Dan's senior moment

Here is the longer version of how I managed to misplace Sandy and Marsha's treasured photos for nine months. I am so sorry it happened, but am happy now that I have recovered and returned them.

Last October, I made a trip that combined a Twyla college visit and family history tour in New York with a Festival Preview business trip to Nashville. I had a lot going on. Also I was carry two pieces of luggage that I had kept from Helga's estate. It was the first and only time I had used one of those bags.

The family part of the trip was tremendously successful. Joanne, Walter and I were together for a visit to Mount Hermon Cemetery, where Walter and Selma Ruby are buried. Then we met with Sandy and Marsha to share our slide show and videos. Later, with Twyla along, too, we all visited the old Ruby home on Walnut Avenue in Long Beach. Truly a day to remember.

When we were at Sandy's that day, she and Marsha also shared some of their photo albums. We all agreed it would be great if I would be able to scan some of their photos to include in our digital project. So they each took out photos--about a dozen in all--for me to take home for scanning, after which I would of course return them. One of the photos was a larger portrait mounted in a portfolio envelope. I put the other photos inside the portfolio, and slipped that in the outer pocket of my old leather briefcase/computer bag.

I say 'old,' because a few days later, in Nashville, I acquired a new computer bag at the IBMA convention. This is significant because later on, when looking for the picture, I had expected it to still be in that outer pocket in the old briefcase. The briefcase upgrade is what I remembered more than the Helga luggage.

I stayed in Nashville for a full week, staying at a Drury Inn a few miles out of town. Since I would be staying so long, I fully unpacked my suitcases, using the dresser drawers, desk and bedside table to organize my belongings. At that time, I obviously transferred the photo portfolio to a location for safe storage. One thing I worried about was, could I have placed it in a desk drawer and later forgotten to take it? I didn't think that was likely, but it was the worst-case scenario.

What I in fact did was place it in an inside zippered compartment in the unfamiliar suitcase. I then proceeded to forget all about it. I had a very eventful week participating in the bluegrass convention and talking up Festival Preview to everyone I met. I went into a completely different mode and Ruby family history went out of my mind.

When I finally returned home after the long trip, I had accumulated a great deal of literature for the convention and I laid out all these papers on my living room coffee table. Later on, when I began searching for the photos, my assumption was that they would have been among all those papers on the coffee table. Instead they were still in the inside pocket in that now-unpacked and forgotten suitcase in the basement.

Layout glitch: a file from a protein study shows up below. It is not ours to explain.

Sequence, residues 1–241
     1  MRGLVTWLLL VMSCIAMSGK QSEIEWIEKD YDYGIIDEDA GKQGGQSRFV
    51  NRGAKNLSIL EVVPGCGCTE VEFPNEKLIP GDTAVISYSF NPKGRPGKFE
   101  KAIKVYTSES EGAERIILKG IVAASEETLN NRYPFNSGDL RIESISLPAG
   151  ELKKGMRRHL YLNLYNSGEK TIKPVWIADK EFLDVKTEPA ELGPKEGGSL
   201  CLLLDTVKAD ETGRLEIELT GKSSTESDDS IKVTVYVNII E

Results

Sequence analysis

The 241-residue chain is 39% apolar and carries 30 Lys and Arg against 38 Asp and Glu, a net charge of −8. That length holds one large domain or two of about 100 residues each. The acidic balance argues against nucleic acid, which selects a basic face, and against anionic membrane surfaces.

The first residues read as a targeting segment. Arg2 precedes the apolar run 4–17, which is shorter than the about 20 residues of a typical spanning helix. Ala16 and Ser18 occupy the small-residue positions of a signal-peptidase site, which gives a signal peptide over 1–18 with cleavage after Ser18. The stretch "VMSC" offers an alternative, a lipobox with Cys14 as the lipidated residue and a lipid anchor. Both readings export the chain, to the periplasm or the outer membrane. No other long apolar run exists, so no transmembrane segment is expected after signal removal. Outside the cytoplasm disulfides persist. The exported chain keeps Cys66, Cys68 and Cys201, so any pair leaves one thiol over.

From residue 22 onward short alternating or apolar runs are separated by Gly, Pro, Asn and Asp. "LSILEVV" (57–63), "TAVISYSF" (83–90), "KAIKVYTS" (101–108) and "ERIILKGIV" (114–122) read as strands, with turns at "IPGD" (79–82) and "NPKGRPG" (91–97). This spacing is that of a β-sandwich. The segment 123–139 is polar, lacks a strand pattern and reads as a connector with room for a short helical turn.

A few months went by before Marsha sent me email asking about the photos. Oh my god, I realized I had completely forgotten about them. Strangely I couldn't remember ever having seen them since she handed them to me in Massapequa. It was the day before we were leaving for our family trip to Hawaii, and I assured Marsha I would find them when we got back in January.

Since then I made what I thought were comprehensive searches. They were in none of my home-office storage systems. I checked and rechecked both the old and new briefcase. I checked the luggage that I would usually carry on a trip like this. For some reason, I didn't check the new suitcase.

Before leaving on the most recent trip, I made a further effort by going through some of the remaining boxes of mom and dad's belongings that are in the basement. I didn't really expect to find them there and I didn't. I went off with no resolution to the problem.

Of course, I should have been in touch with Sandy and Marsha about the situation, but instead I had let it fester. Now Walter needed to contact Sandy to get information for our visit to Albany. By the time he spoke to her, we were already in the second cemetery, where Sandy's parents are buried, and she was so upset about the photos that she didn't want to talk to me.

As I sat on a curb in the cemetery as Walter spoke to Sandy on the cell phone, I once again rethought my movements in the Nashville hotel room from nine months earlier. Suddenly the memory of the other suitcases emerged. I remembered there was a zippered compartment. I wouldn't be able to confirm it until I got home five days later, but now I had hope.